Manifest Focus, I Dont Throw Lightning

I've spent a good amount of time (year and a half maybe?) at home songwriting/recording our next project. And if that sounds like a long time... it is... especially for us. This is actually the longest time we've had to work on writing music since we started the band. After the release of our first record, we've been running non-stop touring, writing, recording, touring, and so on. We wrote the next two albums each with about three months prep, and under one week to record everything. ONE WEEK EACH. *

Usually tracking two songs a day, for four days, and two more to do all the vocals. Usually leaving the studio straight to the stage to perform the tracks before they were even mixed. That is incredibly fast. It's 1964 fast. 

When you have a great producer and engineer, like we did, and a tight band, great things happen with a little time. Most of our songs were recorded in one, maybe two takes. A very exciting and creatively volatile atmosphere. There's a lot to be said for this sort of pressure cooker creativity: plenty of spontaneous bursts of ideas but overall it's not a lot of time to dig in and create.
While we were in the studio for a song that eventually became Don't Turn Out The Lights, our producer Dan Auerbach was unhappy with the working chorus. We played the demo. He made some notes on the groove. Did a practice run then went back to Dan to get his thoughts.


Dan leaned back in his chair, and with a sigh and a look of tiredness worn like a comfortable shirt, Dan announced he was going to take a coffee break,  'I want a great chorus by the time I get back.'  He is a man of few words, but he means every word.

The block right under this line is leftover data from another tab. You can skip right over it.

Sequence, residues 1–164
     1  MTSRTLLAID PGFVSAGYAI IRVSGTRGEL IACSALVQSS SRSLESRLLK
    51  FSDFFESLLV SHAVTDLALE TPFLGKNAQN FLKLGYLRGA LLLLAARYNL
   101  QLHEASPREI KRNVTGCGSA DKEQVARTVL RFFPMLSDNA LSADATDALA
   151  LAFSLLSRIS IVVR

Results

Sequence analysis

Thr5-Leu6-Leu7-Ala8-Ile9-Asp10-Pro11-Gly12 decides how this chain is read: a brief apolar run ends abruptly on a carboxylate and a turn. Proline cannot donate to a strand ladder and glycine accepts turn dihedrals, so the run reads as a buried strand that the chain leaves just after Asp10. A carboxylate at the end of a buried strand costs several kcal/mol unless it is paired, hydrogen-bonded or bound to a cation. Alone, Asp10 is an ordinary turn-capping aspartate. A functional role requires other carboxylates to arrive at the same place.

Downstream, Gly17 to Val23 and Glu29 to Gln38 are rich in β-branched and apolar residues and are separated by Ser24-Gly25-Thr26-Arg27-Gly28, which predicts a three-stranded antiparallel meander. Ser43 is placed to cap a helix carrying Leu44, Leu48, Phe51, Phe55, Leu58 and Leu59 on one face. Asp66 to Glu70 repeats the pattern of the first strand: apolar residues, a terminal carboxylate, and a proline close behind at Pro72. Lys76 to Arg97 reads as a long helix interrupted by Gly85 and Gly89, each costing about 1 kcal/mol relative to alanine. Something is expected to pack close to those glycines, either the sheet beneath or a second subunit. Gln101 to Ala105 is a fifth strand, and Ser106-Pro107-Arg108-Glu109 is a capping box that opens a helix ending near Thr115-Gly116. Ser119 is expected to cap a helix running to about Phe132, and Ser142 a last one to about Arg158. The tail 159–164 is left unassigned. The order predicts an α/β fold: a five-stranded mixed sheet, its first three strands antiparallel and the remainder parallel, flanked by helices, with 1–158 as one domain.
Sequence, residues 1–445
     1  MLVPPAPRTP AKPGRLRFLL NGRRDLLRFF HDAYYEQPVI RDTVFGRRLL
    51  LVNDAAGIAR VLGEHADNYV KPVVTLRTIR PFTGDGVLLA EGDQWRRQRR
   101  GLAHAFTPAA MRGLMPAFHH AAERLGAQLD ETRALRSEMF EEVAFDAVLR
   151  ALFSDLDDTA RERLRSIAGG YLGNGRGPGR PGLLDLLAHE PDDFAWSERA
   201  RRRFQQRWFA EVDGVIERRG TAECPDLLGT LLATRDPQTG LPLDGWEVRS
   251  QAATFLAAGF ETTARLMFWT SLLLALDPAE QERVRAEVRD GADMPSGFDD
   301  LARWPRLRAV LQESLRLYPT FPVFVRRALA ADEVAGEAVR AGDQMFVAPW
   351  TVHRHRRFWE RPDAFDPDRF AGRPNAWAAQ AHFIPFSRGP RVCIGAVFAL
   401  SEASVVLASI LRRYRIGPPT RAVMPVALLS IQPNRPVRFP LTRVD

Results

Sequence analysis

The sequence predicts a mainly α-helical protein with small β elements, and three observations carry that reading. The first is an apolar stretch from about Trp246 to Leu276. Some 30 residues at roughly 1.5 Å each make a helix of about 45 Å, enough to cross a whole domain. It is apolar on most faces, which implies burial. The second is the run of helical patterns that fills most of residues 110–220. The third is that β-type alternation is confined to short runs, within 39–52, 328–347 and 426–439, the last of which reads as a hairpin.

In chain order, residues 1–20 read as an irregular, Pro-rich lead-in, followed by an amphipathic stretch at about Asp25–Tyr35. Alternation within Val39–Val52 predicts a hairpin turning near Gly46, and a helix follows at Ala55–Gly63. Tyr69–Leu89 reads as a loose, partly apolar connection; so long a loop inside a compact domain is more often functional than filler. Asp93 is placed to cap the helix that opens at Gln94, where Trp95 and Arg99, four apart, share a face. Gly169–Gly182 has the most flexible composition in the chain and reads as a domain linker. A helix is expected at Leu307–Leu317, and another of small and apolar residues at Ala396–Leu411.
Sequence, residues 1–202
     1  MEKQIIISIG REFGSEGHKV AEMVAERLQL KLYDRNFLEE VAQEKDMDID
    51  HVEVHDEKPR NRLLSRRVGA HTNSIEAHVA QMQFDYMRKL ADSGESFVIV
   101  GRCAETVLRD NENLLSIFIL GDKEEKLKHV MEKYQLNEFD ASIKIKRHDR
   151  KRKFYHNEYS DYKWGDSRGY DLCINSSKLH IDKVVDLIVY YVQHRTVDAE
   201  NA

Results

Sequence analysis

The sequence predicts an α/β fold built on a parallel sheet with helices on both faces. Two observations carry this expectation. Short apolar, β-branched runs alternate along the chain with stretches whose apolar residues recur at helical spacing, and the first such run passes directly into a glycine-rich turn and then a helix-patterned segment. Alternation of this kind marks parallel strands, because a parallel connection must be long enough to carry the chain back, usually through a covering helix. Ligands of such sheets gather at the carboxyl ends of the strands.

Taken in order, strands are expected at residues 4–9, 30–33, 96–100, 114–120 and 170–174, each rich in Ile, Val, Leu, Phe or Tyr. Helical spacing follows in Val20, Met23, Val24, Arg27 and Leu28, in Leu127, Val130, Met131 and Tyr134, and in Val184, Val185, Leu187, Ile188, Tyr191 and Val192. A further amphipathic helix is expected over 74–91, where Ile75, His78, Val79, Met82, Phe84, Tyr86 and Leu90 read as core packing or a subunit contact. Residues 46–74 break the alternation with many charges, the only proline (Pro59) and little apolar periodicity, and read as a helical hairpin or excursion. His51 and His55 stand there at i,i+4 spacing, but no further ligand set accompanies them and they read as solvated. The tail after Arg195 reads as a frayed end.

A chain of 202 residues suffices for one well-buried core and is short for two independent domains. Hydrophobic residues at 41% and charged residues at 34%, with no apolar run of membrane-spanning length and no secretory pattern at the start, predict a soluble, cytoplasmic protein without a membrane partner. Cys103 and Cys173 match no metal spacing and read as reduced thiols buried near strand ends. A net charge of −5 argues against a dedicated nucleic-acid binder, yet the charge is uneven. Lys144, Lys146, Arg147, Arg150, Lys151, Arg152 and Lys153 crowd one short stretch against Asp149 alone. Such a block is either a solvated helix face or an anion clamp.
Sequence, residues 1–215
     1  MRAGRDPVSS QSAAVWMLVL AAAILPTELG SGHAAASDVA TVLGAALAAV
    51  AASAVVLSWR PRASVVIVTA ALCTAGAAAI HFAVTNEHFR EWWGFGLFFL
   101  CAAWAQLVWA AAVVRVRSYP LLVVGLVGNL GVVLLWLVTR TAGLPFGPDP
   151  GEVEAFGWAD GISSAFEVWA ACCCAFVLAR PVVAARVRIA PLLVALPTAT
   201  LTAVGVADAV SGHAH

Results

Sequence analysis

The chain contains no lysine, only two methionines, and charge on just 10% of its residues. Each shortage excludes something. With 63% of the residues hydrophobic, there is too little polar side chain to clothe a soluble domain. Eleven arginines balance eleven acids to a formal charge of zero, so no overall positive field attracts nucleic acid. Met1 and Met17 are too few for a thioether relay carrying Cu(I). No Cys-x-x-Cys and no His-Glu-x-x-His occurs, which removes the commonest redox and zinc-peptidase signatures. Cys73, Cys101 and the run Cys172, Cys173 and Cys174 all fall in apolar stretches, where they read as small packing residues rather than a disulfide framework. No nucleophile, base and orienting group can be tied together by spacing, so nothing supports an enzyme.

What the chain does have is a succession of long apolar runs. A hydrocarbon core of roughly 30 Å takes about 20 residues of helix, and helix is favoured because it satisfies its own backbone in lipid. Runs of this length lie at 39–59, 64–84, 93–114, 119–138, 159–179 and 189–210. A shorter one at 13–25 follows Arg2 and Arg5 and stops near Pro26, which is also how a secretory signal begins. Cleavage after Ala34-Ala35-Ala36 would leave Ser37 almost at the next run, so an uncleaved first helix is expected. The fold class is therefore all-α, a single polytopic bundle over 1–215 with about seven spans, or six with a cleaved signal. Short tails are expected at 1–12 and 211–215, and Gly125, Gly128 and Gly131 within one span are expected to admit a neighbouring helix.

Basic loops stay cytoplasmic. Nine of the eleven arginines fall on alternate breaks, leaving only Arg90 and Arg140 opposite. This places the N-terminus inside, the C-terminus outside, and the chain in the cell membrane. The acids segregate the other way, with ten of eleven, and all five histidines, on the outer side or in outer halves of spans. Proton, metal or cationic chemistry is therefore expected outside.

Dan has always pushed our band. I don't know how he works with other artists, but for us he always asks for more than I thought we could do. Can you do it all live? With Vocals? Can you sing it better? Write it better? Play it better? And I'm grateful. His drive has taught me a lot about myself and what I'm capable of, so when he asked me to write a better chorus and walked out of the studio without a single word of direction, I knew he was testing me, and I knew I could succeed.

I sat down on the floor of the studio live room armed with an 60's flat-top Gibson and a legal pad, and started running through the song's chords. Repeating them. Listening to the notes. Playing variations on tempos and octaves, listening for a melody hidden inside. Feeling the clock and trying not to worry, I focused on the music. Strumming. The vibrations. Visualizing the notes, the waves bouncing against themselves in the air. Strumming. The subtleties, the patterns.


Then the melody came in focus like a distant image on the horizon. Closer and clearer. Walking to me. In no hurry. Just traveling at its own pace.


I leaned in closer to hear. Pressed my jaw into the shoulder of the wood and felt the chords ringing through my head. I shut my eyes. Closer the details formed. The shape, the feel, the words...

It was about ten minutes when Dan came back with a half emptied mug and sat back in his chair. He was perked up. Everything was done. I gave him the legal pad to read along as I sat on the couch playing the newly written idea to everyone.


Halfway through my performance, Dan put done his mug, whispered to the engineer and when I was done, he clapped loudly and we were ready to get back to work, "Yeah Son, that's right!"


That chorus was born out of a time crunch. I needed a chorus at that moment. And with focus, it manifested, it came to me. So I hope I don't sound like I'm complaining when I talk about now and the amount of time we are taking. I want to try working a record with a different feel and pace. I wanted to know what we could do with a little more. 


A little more time to write. More time to practice. More time to do takes, and mix, and sing. And it all adds up to a lot more time in the long run but that was the plan.